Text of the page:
Nördlingen, Germany

Jason R. Matheson
5 min readApr 25, 2022


With our rented Volkswagen, we’re free to explore a large swathe of western Bavaria. The landscape is marked by gently rolling hills and slow rivers. The stretches of green are interrupted here and there by the pointed roofs and spires of old, preserved towns.

Despite less than ideal weather, Dinkelsbühl went ahead with its car show and market on Sunday afternoon. We bundled up and found a parking spot near one of the town gates. It was easy to spot with its warm orange paint.

I walked ahead and bought Mom an umbrella from a stall selling an assortment of home goods. When I gave it to her, I told her I’d pulled it out of the church entrance and just hoped Frau Schmidt didn’t recognize her stolen umbrella out on the street (ha).

Different car dealers had lined up their latest models along the cobblestone lanes. We inspected several smiling electric Volkswagens plus Audis, Skodas and a sharp-looking old Mercedes convertible decked in pale yellow.

One of the best parts of events in small German towns are the street vendors selling grilled Bratwurst and fresh chips with cream sauce. We ate lunch as we walked the rain-slicked streets of Dinkelsbühl.

Thankfully the weather improved for Monday and we headed south again, this time aiming for the town of Nördlingen. Along the way, we spotted an interesting fortification on top of a hill and made an exit for Wallerstein.

After stopping to inspect an impressive fachwerk (half-timbered) barn, we entered the gates of Fürst Wallerstein and discovered the medieval Schlossberg. It was now the home of the Fürst Wallerstein Brauhaus. Evidently, Wallerstein brewing was first documented in the year 1598! We’ll have to figure out where to buy a few bottles to sample.

On down the road in Nördlingen, a meteorite strike had formed an almost-perfect circle divot in the earth thousands of years ago and the locals had taken advantage of the natural defenses from the impact. The unbroken town wall (a rarity in modern Germany) formed a complete ring around the town.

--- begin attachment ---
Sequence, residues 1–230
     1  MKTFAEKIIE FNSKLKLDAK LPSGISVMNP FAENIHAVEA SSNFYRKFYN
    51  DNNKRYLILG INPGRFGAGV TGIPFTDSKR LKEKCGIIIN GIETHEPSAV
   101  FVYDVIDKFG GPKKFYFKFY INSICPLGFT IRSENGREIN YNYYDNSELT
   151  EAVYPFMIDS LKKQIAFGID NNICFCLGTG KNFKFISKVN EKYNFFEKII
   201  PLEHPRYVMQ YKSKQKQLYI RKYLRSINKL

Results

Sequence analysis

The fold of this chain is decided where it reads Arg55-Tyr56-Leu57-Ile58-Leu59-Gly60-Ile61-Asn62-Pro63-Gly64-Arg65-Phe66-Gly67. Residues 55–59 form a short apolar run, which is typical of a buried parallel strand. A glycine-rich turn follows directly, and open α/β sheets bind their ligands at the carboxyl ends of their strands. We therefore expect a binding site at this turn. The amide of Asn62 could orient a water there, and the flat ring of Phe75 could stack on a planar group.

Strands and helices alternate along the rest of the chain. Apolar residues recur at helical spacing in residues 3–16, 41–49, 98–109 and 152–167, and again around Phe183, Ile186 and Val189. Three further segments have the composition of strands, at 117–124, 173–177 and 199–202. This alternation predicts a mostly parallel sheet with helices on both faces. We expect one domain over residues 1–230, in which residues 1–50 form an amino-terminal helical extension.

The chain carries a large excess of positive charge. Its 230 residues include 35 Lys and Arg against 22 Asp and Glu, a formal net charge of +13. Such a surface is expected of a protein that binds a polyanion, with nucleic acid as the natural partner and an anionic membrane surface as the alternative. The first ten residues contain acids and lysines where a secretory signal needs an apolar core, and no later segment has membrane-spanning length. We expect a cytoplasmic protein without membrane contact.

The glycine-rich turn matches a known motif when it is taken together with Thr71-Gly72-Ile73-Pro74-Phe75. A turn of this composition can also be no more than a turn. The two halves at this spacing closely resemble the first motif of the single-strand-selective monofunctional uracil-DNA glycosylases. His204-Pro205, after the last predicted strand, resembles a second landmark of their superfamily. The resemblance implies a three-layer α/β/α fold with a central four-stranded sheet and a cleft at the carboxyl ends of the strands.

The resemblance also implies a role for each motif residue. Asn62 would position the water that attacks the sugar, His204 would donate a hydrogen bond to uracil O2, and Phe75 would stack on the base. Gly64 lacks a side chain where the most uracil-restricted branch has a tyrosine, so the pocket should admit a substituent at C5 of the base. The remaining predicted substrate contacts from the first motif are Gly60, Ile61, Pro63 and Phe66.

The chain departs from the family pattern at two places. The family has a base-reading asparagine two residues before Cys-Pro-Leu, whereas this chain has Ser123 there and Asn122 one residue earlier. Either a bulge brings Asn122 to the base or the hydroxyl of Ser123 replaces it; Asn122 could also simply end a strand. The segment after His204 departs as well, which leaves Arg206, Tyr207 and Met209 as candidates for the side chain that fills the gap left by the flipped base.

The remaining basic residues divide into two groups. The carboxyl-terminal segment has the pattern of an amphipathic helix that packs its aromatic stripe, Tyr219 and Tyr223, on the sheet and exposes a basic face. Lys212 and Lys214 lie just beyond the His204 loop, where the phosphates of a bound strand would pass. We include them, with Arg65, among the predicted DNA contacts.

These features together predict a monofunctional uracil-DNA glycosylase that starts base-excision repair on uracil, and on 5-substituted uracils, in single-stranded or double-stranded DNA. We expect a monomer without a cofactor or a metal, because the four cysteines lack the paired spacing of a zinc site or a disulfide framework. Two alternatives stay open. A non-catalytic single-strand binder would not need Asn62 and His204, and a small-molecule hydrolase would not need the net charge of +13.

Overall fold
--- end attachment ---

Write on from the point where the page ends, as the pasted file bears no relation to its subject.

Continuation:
With the sun finally out, I scaled the 90-meter steeple of St. Georgskirche for a look at the nearly perfect circle around the old town. Normally I don’t have a problem with heights but the viewing deck was narrow, the railing was low and the spire seemed extra-crumbly. I held on for dear life.

Safely back on firm ground, we wandered the streets looking in shop windows and inspecting the latest price of Spargle. It’s the white asparagus that’s in season now and it makes the Germans slightly hysterical. I’m kidding, the Germans don’t get hysterical, just a bit infatuated.

One of the most interesting sights in Nördlingen is the Narrenspiegel, which roughly translates into “fool’s mirror”. When you’re standing in front of the stone carving, the jester looks out at you from the mirror and says “now there’s two of us”.

You just got punked from 500 years ago.

Nördlingen was fascinating and far less touristed than nearby Rothenburg ob der Tauber. I heartily recommend a visit if you ever find yourself in this corner of Bavaria.


Thanks for coming along on the trip. If you have questions or suggestions, tweet @JasonRMatheson. Missed an entry? Click here.



Jason R. Matheson

I prefer to travel slow. Enjoy history, design, architecture, cars, sports digital. Auburn alum, Sooner born.